Montana: Wide Open Spaces

Montana is called Big Sky Country for a reason. It’s expansive and sprawling—and the 4th largest state in the U.S. (Size-wise, it’s slightly bigger than Japan.) Despite being gigantic, only 600,000 residents live here—which would explain why I saw exactly two boats on Flathead Lake yesterday (which is also massive.)

Anyone who summers here knows Northern Montana is a hidden gem. You would have to be a mighty hearty soul to get through a hinterlands winter. (Canada is less than an hour away.)  Yesterday I woke up to a brisk 50 degrees—sweat-uh weath-uh!—and then the nanosecond the sun peeked over the bluff, the temp jumped, like, eight degrees. It got up to around 85 degrees yesterday with only a smattering of ultra-puffy clouds dotting the (big) sky. I rarely use the term billowy, but yesterday’s clouds were billowy to the nth degree.

I hopped on a jet ski yesterday for the first time since the Clinton administration. It was just as exhilarating as I remember—except this time I could see to the bottom of the lake. When you’re tooling around the Lake of the Ozarks, I can’t help but wonder what evil lurks below in the murky depths.

Speaking of, in Flathead Lake trout are abundant—and aggressive. Rainbow trout, bull trout, and the nefarious-sounding cutthroat trout. They’ll eat anything, including each other. We went to an upscale sushi restaurant last night in Bigfork—Saketome (clever, eh?)—and the menu (and ingredient list) was wildly off-the-wall. They managed to implement cashews, strawberries, foie gras, and kiwi into various rolls. So, when I asked why they didn’t offer anything with trout, there was a record scratch moment in the restaurant. I laughed and said, “Just kidding!” My hosts got up and moved to another table. Apparently, fish humor is not a thing in Montana.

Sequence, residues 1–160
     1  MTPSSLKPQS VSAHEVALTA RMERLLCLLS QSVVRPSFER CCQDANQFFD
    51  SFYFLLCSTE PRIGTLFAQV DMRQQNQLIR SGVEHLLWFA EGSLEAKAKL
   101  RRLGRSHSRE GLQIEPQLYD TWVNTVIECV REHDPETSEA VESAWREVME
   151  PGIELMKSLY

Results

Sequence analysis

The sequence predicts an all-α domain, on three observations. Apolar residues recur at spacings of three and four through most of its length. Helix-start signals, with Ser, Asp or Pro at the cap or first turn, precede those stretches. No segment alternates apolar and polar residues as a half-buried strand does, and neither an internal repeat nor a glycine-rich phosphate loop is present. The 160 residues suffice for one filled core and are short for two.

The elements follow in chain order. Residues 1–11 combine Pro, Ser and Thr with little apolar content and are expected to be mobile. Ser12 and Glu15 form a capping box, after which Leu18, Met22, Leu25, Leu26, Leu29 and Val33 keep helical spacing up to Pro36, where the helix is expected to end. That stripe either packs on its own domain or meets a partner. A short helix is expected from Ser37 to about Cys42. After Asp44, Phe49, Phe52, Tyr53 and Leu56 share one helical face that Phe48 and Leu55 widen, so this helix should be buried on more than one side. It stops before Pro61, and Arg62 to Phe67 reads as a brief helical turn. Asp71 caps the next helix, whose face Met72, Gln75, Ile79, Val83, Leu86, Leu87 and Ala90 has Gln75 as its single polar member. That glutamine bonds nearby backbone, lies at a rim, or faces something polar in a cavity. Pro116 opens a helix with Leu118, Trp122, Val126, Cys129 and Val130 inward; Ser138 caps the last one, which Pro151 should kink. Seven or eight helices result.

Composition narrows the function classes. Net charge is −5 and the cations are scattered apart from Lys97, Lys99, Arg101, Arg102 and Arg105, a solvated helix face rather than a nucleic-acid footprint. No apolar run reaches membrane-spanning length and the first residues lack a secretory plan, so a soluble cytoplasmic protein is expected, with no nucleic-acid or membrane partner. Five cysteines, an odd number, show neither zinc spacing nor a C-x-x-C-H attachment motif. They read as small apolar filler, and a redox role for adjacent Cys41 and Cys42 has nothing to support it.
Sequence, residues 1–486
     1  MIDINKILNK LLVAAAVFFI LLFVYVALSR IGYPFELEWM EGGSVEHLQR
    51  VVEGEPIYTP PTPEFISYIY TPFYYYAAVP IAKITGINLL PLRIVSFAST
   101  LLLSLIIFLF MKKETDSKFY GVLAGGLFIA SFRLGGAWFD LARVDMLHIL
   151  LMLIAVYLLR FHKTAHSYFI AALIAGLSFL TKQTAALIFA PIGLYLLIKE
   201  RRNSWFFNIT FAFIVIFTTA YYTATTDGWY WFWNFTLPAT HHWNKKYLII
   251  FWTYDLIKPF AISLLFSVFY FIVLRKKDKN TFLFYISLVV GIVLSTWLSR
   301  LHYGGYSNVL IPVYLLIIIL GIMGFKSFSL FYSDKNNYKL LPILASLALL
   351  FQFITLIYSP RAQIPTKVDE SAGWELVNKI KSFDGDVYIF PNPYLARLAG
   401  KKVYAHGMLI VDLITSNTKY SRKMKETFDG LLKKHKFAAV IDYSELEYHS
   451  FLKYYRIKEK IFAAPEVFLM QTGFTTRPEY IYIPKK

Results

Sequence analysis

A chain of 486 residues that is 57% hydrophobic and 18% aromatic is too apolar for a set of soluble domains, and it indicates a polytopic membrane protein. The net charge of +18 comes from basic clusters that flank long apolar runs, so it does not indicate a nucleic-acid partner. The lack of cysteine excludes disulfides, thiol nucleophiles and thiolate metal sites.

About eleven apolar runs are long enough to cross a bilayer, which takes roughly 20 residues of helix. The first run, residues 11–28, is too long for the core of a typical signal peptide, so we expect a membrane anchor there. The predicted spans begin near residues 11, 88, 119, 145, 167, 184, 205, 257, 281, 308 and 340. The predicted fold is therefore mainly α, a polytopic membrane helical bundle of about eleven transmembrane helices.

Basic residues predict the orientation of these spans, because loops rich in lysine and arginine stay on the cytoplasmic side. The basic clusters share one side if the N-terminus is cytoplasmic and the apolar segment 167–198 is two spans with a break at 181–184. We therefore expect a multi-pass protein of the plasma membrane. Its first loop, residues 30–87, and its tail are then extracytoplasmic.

I’ve also eaten the oddest assortment of food, including my weight in granola. I think Montanananana-ians add granola to everything. Except trout, of course. That would be gross. Yesterday, for example, I wolfed down a huckleberry hotdog. It was slathered with sauteed onions and a chunky huckleberry marmalade. I asked Stephanie, the Sausage Queen of Montana, what the appeal was. She said the sweet/savory combo was to die for. I asked her for some spicy mustard on top for an added kick. She seemed amenable. (Fun fact: I’m also known as the Sausage Queen.)

Fountains of Wayne

There’s also an obscene amount of money up yonder. Celeb mansions dot the lake’s landscape—including John Lithgow, Maury Povich and Connie Chung, and the King of Las Vegas himself, Wayne Newton. (His house—pictured above—has approximately 29,115 windows.)

The last time I visited Montana, I was 10 years old. I don’t remember much except that I was bored. This go-around, I’m channeling my inner kid and making amends. Hiking, bird watching, boating, sightseeing, and shopping were on yesterday’s agenda. Hell, we even went into town last night to watch a summer stock performance of “The Full Monty.” (The newly-ish renovated theater has been around for more than five decades. It’s an iconic mountain arts venue.)

I hope I’ve appropriately sucked up to my friends enough so they invite me back. This place is nirvana—minus the man-eating trout.